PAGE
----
Interest in electric trucks is growing faster than some industry stakeholders expected according to a panel during the virtual Heavy Duty Aftermarket Dialogue (HDAD) Monday.
While leading a panel discussion on “The Real-World View,” Chris Patterson, retired CEO of Daimler Trucks North America and an independent director, asked the panel how quickly electrification is going to convert fleets from combustion engines to electric.
Friedrich Baumann, Navistar president, sales, marketing and aftersales, says there is a lot of momentum behind electric vehicles because of the amount of customer interest.
The adoption rate for this type of technology will depend on the applications.
“We have a significant school bus business with IC Bus. I can easily see, with grants being available in that part of the industry, there will be a high adoption rate on that side of the business,” Baumann said.
Another application for early adoption of electric trucks is last mile delivery by companies like FedEx, UPS, Amazon, etc., a result of increased home deliveries caused by consumers staying at home because of the COVID-19 pandemic, he said.
“The last mile delivery is an area we see adoption of that type of technology sooner rather than later,” Baumann said, adding, “And then there’s the medium-duty business because the medium duty doesn’t have the same range challenges as the heavy duty.”
FleetPride CEO Al Dragone said his company worked with a consultancy in 2018 to analyze electrification of the market.
“We are primarily Class 7-8 so we’re really heavy-duty oriented. In 2018, it looked like only 5 percent of the market would be in a significant electrification position by 2030,” Dragone said. “[However,] I think it’s accelerating faster than it was in 2018 and I certainly think last mile and medium duty are going to be impacted more quickly than heavy duty.”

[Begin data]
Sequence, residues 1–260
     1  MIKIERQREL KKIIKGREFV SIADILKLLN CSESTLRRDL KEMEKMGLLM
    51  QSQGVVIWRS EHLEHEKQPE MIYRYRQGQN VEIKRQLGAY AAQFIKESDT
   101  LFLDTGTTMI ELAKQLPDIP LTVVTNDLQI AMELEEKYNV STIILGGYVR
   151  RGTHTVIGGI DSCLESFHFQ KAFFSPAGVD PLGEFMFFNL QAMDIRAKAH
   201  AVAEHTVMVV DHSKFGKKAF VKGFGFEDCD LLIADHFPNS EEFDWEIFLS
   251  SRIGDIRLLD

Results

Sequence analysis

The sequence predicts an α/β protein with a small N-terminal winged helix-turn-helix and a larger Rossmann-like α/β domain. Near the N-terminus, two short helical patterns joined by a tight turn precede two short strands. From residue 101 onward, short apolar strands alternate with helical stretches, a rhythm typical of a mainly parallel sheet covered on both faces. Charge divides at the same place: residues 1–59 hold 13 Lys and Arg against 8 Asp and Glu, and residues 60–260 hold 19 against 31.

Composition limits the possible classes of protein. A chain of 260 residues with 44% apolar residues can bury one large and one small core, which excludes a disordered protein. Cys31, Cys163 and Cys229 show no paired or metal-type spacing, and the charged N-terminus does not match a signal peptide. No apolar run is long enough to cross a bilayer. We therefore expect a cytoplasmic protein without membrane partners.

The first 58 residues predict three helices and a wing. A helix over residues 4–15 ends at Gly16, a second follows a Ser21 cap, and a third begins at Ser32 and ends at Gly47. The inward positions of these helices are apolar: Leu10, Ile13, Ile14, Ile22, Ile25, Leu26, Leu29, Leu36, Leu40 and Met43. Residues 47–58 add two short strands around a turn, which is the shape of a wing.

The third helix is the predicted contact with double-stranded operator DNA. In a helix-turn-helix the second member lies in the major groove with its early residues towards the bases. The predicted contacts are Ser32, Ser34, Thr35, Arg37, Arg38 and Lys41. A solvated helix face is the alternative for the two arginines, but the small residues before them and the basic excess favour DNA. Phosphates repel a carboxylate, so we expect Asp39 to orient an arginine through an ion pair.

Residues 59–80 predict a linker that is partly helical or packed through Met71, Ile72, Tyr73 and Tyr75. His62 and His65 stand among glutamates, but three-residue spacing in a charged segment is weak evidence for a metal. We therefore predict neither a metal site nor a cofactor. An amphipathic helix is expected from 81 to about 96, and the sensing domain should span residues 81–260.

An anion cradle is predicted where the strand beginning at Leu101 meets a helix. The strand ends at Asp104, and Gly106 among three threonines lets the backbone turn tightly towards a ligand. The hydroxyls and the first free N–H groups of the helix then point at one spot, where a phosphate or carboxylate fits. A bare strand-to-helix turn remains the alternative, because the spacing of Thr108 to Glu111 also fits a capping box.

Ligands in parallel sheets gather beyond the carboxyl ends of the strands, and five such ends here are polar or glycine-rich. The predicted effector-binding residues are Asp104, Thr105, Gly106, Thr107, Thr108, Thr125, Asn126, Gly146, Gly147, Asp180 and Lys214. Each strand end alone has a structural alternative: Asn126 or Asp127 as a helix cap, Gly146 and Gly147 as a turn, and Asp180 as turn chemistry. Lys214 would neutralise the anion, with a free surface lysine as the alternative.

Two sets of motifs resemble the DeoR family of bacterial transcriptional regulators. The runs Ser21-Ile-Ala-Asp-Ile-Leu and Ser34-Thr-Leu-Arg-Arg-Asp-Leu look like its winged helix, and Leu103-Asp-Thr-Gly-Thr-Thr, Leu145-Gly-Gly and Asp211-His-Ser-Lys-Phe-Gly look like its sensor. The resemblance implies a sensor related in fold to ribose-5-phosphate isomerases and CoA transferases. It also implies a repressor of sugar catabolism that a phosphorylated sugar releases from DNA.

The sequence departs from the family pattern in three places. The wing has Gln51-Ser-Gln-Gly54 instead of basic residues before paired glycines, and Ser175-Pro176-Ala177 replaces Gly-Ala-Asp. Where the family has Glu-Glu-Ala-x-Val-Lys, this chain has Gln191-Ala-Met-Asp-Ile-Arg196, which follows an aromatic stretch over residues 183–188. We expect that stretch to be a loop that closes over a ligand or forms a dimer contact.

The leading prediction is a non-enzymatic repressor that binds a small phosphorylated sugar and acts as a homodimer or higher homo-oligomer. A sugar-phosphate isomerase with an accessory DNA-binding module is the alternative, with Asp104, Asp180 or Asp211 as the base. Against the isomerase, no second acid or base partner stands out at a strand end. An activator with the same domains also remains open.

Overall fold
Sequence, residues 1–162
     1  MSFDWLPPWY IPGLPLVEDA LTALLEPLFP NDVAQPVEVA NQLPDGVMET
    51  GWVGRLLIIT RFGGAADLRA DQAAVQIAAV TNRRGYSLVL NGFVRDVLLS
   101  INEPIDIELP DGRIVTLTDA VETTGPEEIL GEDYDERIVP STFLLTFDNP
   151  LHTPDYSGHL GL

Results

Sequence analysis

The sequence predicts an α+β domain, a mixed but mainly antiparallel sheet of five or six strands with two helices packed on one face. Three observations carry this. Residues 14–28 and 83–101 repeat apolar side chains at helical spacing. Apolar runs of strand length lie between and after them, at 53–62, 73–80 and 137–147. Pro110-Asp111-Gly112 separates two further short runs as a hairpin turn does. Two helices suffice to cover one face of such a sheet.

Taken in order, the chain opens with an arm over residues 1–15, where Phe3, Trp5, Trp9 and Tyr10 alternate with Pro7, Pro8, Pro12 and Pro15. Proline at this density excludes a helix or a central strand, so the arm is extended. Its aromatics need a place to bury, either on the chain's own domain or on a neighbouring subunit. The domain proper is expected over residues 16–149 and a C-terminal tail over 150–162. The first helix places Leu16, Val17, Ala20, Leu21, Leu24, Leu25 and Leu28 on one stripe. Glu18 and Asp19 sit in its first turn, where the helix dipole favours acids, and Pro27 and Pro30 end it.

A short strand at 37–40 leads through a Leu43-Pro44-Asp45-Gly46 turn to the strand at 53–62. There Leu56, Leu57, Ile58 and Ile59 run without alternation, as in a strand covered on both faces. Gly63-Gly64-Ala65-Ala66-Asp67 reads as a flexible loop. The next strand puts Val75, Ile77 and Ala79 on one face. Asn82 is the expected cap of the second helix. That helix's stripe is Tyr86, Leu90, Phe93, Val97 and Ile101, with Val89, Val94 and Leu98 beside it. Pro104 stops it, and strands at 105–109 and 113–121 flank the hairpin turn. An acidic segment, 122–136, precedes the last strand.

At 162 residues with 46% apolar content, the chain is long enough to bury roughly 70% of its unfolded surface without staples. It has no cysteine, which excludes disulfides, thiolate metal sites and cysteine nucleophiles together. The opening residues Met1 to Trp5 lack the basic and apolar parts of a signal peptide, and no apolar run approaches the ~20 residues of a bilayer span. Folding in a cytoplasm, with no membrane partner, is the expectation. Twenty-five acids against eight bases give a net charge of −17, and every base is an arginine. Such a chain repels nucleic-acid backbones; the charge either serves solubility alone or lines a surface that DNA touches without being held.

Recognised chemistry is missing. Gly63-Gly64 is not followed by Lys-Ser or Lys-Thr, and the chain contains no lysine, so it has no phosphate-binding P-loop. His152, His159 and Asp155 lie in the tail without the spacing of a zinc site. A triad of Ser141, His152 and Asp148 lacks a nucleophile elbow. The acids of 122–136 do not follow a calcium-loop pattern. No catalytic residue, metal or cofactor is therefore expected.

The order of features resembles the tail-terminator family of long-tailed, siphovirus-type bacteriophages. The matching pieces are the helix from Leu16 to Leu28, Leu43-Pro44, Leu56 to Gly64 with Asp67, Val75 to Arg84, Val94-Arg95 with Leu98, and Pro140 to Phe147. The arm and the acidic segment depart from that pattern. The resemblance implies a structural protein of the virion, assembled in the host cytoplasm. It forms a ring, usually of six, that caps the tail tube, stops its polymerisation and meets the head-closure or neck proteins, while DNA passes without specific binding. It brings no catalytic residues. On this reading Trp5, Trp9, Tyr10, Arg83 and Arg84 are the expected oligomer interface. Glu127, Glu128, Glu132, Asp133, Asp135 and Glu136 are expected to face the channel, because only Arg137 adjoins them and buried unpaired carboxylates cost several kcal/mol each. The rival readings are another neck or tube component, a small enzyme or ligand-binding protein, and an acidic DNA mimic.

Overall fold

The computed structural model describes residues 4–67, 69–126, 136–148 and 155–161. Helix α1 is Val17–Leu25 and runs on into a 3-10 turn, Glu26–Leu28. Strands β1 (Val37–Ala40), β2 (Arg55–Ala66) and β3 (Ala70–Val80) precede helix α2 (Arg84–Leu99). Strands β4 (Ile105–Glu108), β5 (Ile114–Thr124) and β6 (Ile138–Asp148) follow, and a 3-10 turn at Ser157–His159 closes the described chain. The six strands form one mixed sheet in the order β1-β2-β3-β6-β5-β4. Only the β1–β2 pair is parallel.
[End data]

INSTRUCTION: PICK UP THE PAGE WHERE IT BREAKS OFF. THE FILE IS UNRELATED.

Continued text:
Dragone says, “As we look at it from an aftermarket standpoint, we think there are going to be significant changes in the future. Will we be stocking batteries? I don’t know. From our vantage point this is probably not something that’s going to impact our business in the next 10 years to a significant amount.”
Patterson also brought up another change to the industry caused by the pandemic: omnichannel communication, such as phone, email and texts.
“The adoption rate from our digital channel is not as high or [growing as] quickly as I anticipated. On the other hand, where it makes a huge difference is when I think about our connected vehicle technology and systems integration we are driving on that end of the business,” Baumann said.
“I think our customers pay a lot of attention to and value getting more transparency about what’s going on with that vehicle in our network across North America. That is where we have put a lot of effort in with our launch of International 360 and IC Bus 360. Adoption rate has been phenomenal,” he said.
Dragone said FleetPride’s biggest investment in 2020 was building out its digital platform, trying to create more of a fulfillment platform. However, he adds the company isn’t doing it because the demand is there currently.
“It’s clear the demand isn’t there but as we all lived through 2020, we all saw what other industries were doing and how much growth was out there in the e-commerce platform. You can’t ignore that,” he said.
“We’re leading with our chin right now. We’re investing in it. We think it’s going to be a big part of our business someday and I think some of things we’re going to rollout in 2021 will be unique in the heavy-duty world,” Dragone said. “But the fact is we’re not doing it because there’s a huge demand there today. We’re doing it because it is where the world is evolving.”